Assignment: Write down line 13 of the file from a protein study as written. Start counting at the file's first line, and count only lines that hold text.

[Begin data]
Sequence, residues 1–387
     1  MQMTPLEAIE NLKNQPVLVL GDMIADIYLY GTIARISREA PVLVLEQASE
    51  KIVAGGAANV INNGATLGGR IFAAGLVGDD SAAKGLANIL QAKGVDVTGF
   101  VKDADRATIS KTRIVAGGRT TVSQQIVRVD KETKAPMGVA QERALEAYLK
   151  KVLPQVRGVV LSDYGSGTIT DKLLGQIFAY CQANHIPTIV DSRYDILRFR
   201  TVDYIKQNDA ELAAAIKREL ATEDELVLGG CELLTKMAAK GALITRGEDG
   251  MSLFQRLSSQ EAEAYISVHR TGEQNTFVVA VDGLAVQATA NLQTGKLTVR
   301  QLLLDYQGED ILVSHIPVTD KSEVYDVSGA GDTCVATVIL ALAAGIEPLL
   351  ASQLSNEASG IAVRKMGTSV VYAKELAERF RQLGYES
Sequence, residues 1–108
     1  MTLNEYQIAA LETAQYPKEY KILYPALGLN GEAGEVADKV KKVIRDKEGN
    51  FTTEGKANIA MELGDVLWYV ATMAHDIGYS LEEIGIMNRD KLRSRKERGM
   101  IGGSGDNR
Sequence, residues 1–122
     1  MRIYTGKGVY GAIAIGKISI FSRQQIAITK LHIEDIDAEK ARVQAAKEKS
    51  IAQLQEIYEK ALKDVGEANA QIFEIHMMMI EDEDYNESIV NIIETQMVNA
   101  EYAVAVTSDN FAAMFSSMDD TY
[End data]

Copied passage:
   101  IGGSGDNR